A Commentary (Oct 1936)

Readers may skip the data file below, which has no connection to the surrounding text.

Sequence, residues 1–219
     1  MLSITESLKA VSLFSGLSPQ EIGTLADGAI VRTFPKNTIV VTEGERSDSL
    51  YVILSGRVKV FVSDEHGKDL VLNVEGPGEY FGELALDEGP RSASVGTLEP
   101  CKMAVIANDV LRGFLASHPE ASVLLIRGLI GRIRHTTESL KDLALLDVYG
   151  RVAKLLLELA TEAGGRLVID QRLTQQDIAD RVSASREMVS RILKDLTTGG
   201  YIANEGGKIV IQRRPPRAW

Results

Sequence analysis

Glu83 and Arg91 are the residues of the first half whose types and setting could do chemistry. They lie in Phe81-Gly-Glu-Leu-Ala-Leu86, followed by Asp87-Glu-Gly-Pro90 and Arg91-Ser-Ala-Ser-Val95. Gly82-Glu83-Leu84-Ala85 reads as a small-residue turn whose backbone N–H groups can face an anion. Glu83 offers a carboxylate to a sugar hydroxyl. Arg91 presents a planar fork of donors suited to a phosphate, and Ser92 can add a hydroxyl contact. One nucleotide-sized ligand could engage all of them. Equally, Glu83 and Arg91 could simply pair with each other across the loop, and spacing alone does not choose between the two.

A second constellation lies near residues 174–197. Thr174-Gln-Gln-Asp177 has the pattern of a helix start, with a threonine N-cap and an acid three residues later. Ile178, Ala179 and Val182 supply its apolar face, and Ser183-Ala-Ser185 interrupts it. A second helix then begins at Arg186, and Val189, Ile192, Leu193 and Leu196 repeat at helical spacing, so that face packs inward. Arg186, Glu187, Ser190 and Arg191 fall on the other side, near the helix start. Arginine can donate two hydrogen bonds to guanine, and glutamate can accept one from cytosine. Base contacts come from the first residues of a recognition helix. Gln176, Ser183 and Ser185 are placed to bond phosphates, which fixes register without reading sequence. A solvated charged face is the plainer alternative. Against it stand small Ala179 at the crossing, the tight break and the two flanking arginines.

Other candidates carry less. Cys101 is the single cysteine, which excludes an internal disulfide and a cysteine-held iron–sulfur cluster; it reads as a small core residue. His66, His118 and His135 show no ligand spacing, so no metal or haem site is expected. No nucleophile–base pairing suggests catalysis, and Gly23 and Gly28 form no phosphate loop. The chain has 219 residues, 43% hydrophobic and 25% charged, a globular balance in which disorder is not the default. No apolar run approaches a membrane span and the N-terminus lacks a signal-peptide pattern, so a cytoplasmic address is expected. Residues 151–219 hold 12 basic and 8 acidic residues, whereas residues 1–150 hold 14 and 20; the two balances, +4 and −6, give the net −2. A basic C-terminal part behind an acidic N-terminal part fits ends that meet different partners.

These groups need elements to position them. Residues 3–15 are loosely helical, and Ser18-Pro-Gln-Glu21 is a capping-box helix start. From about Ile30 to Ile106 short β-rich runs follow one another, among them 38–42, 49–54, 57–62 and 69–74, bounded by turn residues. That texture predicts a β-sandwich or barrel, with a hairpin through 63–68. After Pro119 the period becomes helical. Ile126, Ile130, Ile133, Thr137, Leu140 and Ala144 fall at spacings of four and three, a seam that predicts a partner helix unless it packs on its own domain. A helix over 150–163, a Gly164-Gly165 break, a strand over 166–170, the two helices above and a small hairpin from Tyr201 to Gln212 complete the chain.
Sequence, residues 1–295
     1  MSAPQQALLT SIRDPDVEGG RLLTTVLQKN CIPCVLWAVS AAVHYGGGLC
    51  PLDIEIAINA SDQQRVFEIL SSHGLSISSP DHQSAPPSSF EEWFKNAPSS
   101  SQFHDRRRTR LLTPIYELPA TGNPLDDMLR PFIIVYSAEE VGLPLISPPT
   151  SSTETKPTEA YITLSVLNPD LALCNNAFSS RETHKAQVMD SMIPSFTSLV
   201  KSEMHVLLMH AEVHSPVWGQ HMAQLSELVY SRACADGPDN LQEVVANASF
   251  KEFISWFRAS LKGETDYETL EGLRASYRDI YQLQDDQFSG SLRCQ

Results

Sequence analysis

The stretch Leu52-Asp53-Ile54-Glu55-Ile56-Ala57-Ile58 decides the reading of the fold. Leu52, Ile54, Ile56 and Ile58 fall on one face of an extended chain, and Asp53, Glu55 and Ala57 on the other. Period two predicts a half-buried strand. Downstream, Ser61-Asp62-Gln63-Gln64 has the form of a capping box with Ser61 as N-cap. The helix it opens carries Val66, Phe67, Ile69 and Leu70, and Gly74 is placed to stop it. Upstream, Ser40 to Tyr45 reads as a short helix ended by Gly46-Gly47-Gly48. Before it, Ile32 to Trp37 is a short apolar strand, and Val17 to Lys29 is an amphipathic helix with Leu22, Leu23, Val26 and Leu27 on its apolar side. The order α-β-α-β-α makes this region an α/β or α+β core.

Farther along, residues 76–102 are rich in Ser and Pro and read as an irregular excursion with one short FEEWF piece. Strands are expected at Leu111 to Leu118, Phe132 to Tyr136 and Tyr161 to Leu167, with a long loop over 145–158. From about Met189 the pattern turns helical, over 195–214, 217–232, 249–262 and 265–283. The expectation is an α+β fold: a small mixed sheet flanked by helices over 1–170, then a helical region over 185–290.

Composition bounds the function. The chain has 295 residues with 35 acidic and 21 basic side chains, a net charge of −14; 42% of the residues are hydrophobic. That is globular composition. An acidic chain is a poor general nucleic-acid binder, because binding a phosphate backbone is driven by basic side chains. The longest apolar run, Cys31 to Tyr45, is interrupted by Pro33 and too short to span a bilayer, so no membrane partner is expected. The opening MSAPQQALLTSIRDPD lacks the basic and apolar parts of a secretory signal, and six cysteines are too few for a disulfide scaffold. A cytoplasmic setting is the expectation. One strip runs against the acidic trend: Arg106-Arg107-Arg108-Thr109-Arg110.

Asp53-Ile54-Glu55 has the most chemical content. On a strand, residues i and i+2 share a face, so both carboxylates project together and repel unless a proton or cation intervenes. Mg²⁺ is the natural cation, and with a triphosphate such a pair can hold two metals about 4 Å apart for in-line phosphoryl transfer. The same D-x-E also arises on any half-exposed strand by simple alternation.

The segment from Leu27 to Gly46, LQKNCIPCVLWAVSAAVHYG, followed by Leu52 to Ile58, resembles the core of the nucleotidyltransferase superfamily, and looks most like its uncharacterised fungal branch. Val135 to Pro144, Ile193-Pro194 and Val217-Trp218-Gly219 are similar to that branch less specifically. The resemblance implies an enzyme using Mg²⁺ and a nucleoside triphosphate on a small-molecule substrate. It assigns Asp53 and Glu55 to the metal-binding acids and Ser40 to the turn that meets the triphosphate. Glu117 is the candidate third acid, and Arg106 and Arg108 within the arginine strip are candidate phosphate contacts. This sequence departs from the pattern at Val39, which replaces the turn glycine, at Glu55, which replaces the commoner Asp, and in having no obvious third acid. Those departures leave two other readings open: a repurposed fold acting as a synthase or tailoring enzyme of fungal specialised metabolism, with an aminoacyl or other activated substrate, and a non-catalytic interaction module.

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394 ] A Commentary The Criterion: A Literary Review, 16 (Oct 1936) 63-69 One would prefer to deal with questions that are soluble, and discuss subjects on which understanding is possible. But one is impelled, by the receipt of manifestoes to be signed by “artists and writers,” as well as by scientists and other intellectual workers, to pursue reflexion on the subject of peace and war. I have at the moment some matter from the “International Peace Campaign,” also a round robin or snowball letter of a semi-anonymous nature, and a pamphlet by Lord Allen of Hurtwood, entitled Peace in Our Time.1 There is also, of course, Canon Sheppard’s movement, which does not appear to employ the method of circularization.2 Artists and writers are exhorted to efforts of various kinds in the cause of peace. So far, I have not been invited to sign any manifesto in favour of war; but I do not doubt that if a war broke out in which there appeared to be any reason for Britain’s participation, manifestoes to this effect would at once be offered for signature. I confess that I am only confused by the variety of reasons submitted to me for supporting peace, besides those of which I am aware without being told, and by the variety of ways in which peace is to be secured. Lord Allen, who declares himself a “lifelong pacifist” [8] (and from his record no one can doubt the sincerity of his conviction), is an ardent supporter of the League Militant. “Either,” he says, “the Government does not mean that it accepts force as an integral part of the League (in which case it ought to return to armed alliances and prepare for anarchic war), or it does mean that force should be employed through the League (in which case it should stop talking of world-wars and take steps to make collective force workmanlike )” [9]. The problem about which Lord Allen leaves me in the dark is this: while I concede that on the highest plane it is equally to the advantage of all peoples to preserve peace, there appears to be a lower plane on which the preservation of peace is more to the interest of some nations than others. The preservation of peace is of interest to at least three or four great powers which have everything to lose, and to the interest of a number of small nations which have nothing to gain, by war. (With respect to the countries which might have at a given moment, or might think that they [ 395 A Commentary (oct) would have, something to gain by war, the question of who in those countries would be actually the better off for a successful war, is not immediately relevant.) But we have to be very careful to separate our ideal motives for maintaining peace from our worldly motives. The value of Lord Allen’s peace programme seems to depend upon whether a renovated League (which, Lord Allen would probably agree, would require the adherence of Germany, and if possible of Japan and the United States also) is capable of being “a means of mutual service for the welfare of its members” [15]. While one can hardly be expected to brighten at the suggestion of setting up more “fact-finding commissions,” one is willing to hear what sort of “revisions in the status quo, both territorial and economic” [15], Lord Allen has to suggest – revisions which should satisfy everybody. I can see that economic revision is desirable – perhaps revision of the whole system so drastic as to bearevisionofhumanemotions:onewouldliketoknowhowfarLordAllen thinks this revision should go. Lord Allen’s pacificism does not rely exclusively upon the belief that by nothing more than some as yet undiscovered reshuffle everybody can be satisfied and pacified. There is a mystical element in it too. He says: “I do not believe that an unarmed nation would be a universal victim, for it would no longer be feared as a menace to its neighbours” [21]. This is a belief which I have never yet seen put in a wholly persuasive form. It seems possible that if an individual was known to be unarmed and helpless, a gang of footpads might be less likely to use violence against him, because they could possess themselves of his money without putting themselves to that exertion. Does Lord Allen mean by “unarmed,” furthermore, merely being without armies, fleets and instruments of war? There remain economic...


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